At first they are mere whispers in fog of information overload, but as time wears on those whispers amplify more and more, before resonating as a shriek.
In starting pharmacy school it seems as if the world is yours for the taking. For years you followed the predefined path, reading the likes of Socrates and learning the detailed psychology of the human mind. And in arriving in pharmacy school, you feel as if you are finally about to reach your life's true aspirations.
And then a funny thing happens. That hopefulness, that strong desire for learning is slowly chipped away like waves crashing against a cliff. Eventually you become a shell of yourself, merely moving through the motions and responding to questions when asked.
Someone once drew a parallel to boot camp in the army, where we are all broken down in an attempt to rebuild our minds and internal processes as professionals.
But at what cost?
Those voices mentioned at the start of this post are the voices of paranoia. The overwhelming sense that, at any point, you will be labeled a failure. Not just in your mind, but in the minds of your family and your peers. For every professor that is there to support you, there is always one or more who seemingly relish in making you squirm.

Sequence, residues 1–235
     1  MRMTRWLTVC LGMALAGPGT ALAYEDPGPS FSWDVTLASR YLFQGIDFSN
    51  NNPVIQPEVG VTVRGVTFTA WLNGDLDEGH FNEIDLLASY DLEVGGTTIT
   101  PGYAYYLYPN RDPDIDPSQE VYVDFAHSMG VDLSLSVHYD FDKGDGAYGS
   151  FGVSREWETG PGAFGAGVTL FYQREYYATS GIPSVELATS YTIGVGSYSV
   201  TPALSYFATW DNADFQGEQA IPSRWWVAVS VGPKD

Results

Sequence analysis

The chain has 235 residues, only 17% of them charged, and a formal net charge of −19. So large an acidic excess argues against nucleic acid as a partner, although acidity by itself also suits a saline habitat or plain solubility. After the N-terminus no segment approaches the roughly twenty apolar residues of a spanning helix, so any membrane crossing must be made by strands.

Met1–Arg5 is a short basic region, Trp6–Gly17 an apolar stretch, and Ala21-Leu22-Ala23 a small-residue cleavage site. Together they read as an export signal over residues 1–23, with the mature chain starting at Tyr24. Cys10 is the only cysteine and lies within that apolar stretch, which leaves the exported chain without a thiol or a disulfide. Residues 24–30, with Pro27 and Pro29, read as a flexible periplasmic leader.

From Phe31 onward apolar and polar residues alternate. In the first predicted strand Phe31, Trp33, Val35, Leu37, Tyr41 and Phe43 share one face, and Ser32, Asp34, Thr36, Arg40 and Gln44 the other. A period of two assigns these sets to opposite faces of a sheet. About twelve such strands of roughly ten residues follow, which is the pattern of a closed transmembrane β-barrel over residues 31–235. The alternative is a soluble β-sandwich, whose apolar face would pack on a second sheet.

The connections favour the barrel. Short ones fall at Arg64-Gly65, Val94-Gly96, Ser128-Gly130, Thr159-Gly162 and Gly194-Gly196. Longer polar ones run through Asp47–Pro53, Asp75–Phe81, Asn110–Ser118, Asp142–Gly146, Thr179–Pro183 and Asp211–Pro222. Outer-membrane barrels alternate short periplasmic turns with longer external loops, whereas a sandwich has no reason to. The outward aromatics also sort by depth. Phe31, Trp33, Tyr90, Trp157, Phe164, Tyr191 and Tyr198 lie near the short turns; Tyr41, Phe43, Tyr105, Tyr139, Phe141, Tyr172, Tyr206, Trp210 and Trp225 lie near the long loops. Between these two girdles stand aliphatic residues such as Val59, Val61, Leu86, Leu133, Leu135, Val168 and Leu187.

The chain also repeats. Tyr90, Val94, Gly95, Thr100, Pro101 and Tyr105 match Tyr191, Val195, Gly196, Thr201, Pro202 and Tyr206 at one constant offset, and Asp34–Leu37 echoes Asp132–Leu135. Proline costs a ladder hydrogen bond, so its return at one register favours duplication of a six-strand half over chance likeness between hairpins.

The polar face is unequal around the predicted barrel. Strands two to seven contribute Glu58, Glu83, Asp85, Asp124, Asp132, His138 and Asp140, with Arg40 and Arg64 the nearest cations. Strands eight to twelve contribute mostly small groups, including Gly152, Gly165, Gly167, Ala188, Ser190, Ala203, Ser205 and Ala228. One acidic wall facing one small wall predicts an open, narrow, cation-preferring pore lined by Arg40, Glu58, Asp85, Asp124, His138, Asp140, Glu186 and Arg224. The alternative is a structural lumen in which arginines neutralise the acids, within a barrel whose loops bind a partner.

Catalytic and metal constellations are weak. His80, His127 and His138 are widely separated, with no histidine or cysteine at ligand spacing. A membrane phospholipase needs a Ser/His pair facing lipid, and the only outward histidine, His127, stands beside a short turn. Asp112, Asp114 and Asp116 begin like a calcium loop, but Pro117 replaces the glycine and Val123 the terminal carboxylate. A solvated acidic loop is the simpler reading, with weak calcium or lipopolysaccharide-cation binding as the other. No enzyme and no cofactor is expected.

So your paranoia grows. It consumes you. It dictates your actions in every aspect of your life.
Did I put my shoes on the correct feet this morning? Did I shut off the light in the kitchen? Did I sign my name correctly?
The latter may sound silly to some, but when your hounded about signing with proper credentials every week it is something you become acutely aware of. It is at this point that you realize you have been broken, reduced to merely a puppet in the confines of pharmacy school.
But it is at this point where you rebuild. The light at the end of the proverbial tunnel begins to grow and what was once seemingly impossible seems tantalizingly tangible. A question is asked about why oxybutinin causes dry mouth and, without thinking, you start describing it's anti-cholinergic properties.
Maybe you can do this. Maybe this seemingly unending and unnerving mount of information you have been presented with has, in some way, become ingrained in your mind. Maybe once you were broken, but now you have become what you have always wanted... a healthcare professional.
And slowly those voices begin to quiet, first down to a whisper before ultimately vanishing completely. In some ways you are finally mentally at peace.
Yet... you still feel incomplete. As if the sacrifices made you into a new person at the cost of who you were. Whether that is a good or bad thing remains unseen, but it leaves one with a tantalizing question.
Are we better off?